GAA Football

Derry in a better place than it has been in years says new boss Damian McErlain

Sunday was a tough day at the office for the Derry minors as they were humbl;ed by Kerry, but boss Damian McErlain has backed them to come again. Picture by Philip Walsh
Neil Loughran

DERRY'S All-Ireland minor campaign may have ended in nightmare fashion, but Damian McErlain believes the county is in “a better place” than it has been in years.

The young Oak Leafs lost by 24 points to a David Clifford-inspired Kerry side at Croke Park on Sunday and while it may take some time for those wounds to heal, McErlain has confidence in the foundations that have been laid.

The Newbridge man, who led Derry to a first All-Ireland minor final in 10 years, goes on to take over the senior reins, succeeding Damian Barton.

And, he insists, the challenge now is to transfer that talented underage crop into senior stars of the future.

“You can't ask any more of them,” he said after Sunday's harrowing defeat.

“But Derry's in a better place standing here today than in many previous years. It's a long time since they were in an All-Ireland minor final and we've done rightly this last two or three years to develop players.

“The next challenge for the county is to take them from 18 to 22-23.”

And it is a challenge McErlain and his management team will embrace, with work starting straight away as he takes a watching brief at this Sunday's Derry SFC final between Ballinascreen and defending champions Slaughtneil.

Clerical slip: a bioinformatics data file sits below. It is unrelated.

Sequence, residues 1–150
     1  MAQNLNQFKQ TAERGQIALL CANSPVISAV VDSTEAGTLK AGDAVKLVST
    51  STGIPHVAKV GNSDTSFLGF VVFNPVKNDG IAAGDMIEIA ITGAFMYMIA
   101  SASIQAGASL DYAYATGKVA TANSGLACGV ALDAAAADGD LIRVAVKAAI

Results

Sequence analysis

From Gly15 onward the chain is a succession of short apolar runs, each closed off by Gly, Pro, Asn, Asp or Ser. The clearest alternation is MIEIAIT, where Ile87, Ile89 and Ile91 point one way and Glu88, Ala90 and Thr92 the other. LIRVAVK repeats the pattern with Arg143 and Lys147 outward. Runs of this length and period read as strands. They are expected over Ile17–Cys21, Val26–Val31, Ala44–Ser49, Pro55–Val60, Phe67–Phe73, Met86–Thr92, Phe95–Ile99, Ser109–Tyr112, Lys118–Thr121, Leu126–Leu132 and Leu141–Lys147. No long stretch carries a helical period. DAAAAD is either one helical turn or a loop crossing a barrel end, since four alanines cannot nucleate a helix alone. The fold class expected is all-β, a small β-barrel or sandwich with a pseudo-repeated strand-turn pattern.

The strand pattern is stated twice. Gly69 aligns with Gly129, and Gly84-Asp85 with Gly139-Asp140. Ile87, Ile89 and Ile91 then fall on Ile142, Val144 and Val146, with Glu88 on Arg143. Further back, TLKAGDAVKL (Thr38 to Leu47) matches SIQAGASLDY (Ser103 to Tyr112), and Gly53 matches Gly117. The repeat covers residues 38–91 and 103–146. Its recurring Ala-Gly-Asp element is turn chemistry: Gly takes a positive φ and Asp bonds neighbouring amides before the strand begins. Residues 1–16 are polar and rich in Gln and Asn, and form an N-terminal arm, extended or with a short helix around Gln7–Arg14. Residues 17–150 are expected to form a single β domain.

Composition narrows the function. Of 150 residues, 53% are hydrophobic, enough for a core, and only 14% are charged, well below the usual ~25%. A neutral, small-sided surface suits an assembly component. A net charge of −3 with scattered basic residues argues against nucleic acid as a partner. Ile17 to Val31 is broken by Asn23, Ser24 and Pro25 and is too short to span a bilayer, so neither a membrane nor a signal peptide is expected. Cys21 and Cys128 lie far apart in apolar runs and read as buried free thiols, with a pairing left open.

“That's what we've signed up to,” he continued.

“We have that knowledge of what's there, we know the sort of lads who have the right athleticism, mentality and ability, and those things are all key. If you don't have one of the three you're probably going to struggle.

“We're looking forward to the challenge coming in, we love working in Owenbeg, we have the backing of everybody there to take the thing on.

“These lads are still the same footballers they were this morning. The boys are going to be county seniors, they'll still be county seniors even though this was a hell of a lesson for them.

“Their loyalty to the Derry jersey will be forever now – every single one of them - and that's a big, big thing when you're taking a minor team. You're getting lads to buy into the jersey and there was a serious pride in the county this week.”

Meanwhile, Antrim's selection sub-committee will unveil their choice as new football manager at a county board meeting next Monday night.

Former Antrim player Lenny Harbinson, who led Belfast's St Gall's to the All-Ireland club title back in 2010, Armagh All-Ireland winner and former Louth manager Aidan O'Rourke and John McKeever, also an former Antrim star and a successful club manager, were all interviewed for the position which was vacated by management duo Gearoid Adams and Frank Fitzsimmons at the end of the 2017 Championship campaign.

Despite some promising performances, Antrim were relegated to Division Four last season and the team lost in the All-Ireland series against Donegal (in Ulster) and Sligo (in the Qualifiers).

Elsewhere, Down manager Eamonn Burns has not added to his backroom team for next season. The Mournemen will hope to build on a promising 2016 which saw them retain their Division Two status, reach an Ulster final and return to Croke Park (for a round four Qualifier against Monaghan).

“The Down management hasn't approached anybody,” said Burns.

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